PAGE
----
Sex differences occur in many species and sexual reproduction can be used. Male and female gametes are excreted through the mouth. When these come together, fertilized eggs are formed. This in turn produces larvae that can swim around freely. These will eventually attach to the substrate and develop further here.
Asexual methods are also used to propagate anemones. Some species produce small replicas of themselves. Alternatively, binary division, where the anemone splits in half, can be used. This is a process that will take place automatically as the anemone grows. You can also do this yourself by cutting the anemone in half. However, this is not recommended, as this is harmful to the anemone and there is a chance that it will die.
What should you take into account?
Many anemones are added to existing aquariums filled with corals and other invertebrates. However, this is not always successful, as anemones can use ‘chemical warfare’ against other corals and congeners. They are also carnivorous which can cause small fish and other animals to be eaten.
Also keep in mind that many fish species naturally eat anemone tentacles. So never keep anemones with butterfly fish, large angelfish, trigger fish or large puffer fish. Careful choice of co-residents is therefore important. You should also keep in mind that anemones can move and sting other corals.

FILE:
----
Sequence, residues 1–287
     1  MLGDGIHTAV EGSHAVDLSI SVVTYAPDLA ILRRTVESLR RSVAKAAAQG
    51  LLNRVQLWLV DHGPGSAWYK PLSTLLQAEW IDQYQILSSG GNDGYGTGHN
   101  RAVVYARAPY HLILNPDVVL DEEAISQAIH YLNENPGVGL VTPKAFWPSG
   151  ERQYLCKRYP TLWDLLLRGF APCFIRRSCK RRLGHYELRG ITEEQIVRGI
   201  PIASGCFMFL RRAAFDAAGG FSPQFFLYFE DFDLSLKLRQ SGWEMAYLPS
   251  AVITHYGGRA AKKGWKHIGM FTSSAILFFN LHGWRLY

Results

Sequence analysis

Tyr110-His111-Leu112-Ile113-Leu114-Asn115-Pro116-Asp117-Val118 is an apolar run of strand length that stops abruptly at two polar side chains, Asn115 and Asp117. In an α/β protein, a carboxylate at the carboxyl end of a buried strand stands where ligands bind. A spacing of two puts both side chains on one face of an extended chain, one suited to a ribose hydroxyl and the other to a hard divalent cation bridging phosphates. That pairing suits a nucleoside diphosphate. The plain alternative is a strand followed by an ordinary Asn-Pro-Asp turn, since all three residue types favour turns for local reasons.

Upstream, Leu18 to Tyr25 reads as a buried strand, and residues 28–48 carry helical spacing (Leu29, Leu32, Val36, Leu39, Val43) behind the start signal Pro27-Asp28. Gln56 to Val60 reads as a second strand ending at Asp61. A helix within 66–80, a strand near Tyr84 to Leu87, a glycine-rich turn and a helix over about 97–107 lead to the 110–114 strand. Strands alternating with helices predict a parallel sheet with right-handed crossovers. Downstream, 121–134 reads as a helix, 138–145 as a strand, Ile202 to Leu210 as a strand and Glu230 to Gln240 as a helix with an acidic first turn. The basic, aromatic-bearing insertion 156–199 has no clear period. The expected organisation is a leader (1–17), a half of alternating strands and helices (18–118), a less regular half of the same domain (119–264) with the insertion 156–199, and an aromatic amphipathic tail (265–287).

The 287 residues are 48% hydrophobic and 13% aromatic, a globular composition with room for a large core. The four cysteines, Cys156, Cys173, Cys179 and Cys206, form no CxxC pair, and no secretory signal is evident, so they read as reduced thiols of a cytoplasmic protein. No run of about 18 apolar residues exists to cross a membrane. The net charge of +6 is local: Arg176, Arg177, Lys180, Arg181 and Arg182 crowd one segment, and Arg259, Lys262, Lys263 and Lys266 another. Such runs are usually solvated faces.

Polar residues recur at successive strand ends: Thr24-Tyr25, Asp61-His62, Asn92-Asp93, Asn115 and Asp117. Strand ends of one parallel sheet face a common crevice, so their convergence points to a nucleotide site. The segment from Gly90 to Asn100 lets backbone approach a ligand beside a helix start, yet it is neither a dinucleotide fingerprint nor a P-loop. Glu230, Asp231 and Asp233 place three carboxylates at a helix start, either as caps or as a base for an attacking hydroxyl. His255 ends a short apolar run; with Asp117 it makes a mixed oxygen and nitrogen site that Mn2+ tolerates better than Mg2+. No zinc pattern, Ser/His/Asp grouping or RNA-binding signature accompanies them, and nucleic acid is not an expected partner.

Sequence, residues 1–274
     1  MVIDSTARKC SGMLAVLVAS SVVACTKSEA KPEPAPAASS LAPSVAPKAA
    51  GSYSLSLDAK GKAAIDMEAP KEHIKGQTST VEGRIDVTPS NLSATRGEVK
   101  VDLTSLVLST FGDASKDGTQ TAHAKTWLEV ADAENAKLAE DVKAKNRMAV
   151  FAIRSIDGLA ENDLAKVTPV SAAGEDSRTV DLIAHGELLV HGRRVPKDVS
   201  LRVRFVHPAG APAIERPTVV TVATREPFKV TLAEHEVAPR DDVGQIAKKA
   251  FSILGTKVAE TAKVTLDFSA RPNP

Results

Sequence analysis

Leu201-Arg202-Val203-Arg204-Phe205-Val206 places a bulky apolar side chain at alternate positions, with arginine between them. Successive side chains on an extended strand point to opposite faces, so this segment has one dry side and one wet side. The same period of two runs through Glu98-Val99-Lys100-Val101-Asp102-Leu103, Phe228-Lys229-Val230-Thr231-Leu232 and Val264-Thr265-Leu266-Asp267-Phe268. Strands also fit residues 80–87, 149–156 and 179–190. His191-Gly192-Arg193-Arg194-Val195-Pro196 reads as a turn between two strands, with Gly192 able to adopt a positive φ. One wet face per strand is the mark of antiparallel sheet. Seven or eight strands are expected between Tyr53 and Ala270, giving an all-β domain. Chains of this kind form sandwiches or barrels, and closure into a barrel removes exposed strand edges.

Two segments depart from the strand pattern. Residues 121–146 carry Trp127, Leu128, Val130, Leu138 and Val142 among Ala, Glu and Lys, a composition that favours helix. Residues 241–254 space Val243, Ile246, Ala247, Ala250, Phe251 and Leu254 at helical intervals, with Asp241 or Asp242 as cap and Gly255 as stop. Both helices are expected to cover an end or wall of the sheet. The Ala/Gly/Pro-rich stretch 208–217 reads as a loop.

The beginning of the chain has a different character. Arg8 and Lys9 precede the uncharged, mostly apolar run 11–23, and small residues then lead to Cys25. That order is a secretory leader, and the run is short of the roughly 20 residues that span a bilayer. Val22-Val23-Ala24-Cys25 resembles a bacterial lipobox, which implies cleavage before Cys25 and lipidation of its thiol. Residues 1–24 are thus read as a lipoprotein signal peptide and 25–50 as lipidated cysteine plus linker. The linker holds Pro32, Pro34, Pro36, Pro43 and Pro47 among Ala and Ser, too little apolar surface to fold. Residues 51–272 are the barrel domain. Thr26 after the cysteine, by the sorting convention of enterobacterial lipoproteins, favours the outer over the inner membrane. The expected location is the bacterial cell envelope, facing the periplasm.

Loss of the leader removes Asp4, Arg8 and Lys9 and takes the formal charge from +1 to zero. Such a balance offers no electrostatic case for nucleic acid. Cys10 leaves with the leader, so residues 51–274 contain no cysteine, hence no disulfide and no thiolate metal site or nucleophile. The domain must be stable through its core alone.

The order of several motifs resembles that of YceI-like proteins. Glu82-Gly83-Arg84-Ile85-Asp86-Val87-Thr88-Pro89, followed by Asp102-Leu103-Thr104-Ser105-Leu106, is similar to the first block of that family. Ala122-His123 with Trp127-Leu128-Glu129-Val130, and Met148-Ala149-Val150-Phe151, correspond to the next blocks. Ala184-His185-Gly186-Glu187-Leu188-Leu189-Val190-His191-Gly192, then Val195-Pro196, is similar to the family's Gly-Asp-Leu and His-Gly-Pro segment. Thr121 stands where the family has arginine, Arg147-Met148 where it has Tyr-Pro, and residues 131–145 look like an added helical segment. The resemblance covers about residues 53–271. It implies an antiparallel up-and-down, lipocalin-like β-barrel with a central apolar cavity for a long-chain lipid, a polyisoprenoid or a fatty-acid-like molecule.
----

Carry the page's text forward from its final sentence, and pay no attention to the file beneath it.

What species are available in the hobby?
Heteractis crispa, the Sebae anemone can reach a size of 45cm. and has long, thin tentacles with a pink dot in the center. It attaches itself to a hard surface and is fairly strong. Many types of clown fish will go into symbiosis with this anemone.
malu, the Malu anemone is a species with a relatively long body that is buried in the substrate. This anemone is very variable in color and reaches up to about 20cm.
Magnifica , the Ritteri anemone is unsuitable for most aquariums, because this anemone needs several hundred liters, because it can grow up to a meter in size. It attaches itself to a rocky substrate and is very mobile. This anemone requires exceptional water quality, a strong current and intense lighting.
Condylactis gigantea , the Giant Caribbean anemone grows to 30cm and is naturally found in rocky areas in shallow water. Clown fish can go into symbiosis with this anemone. In nature this is not the case, because in the place where this anemone occurs there are no clown fish. However, many species naturally form a symbiosis with this one, including Periclemenes shrimp, Mithrax crabs, Arrow crabs and many others. This is a relatively demanding anemone when it comes to lighting the aquarium.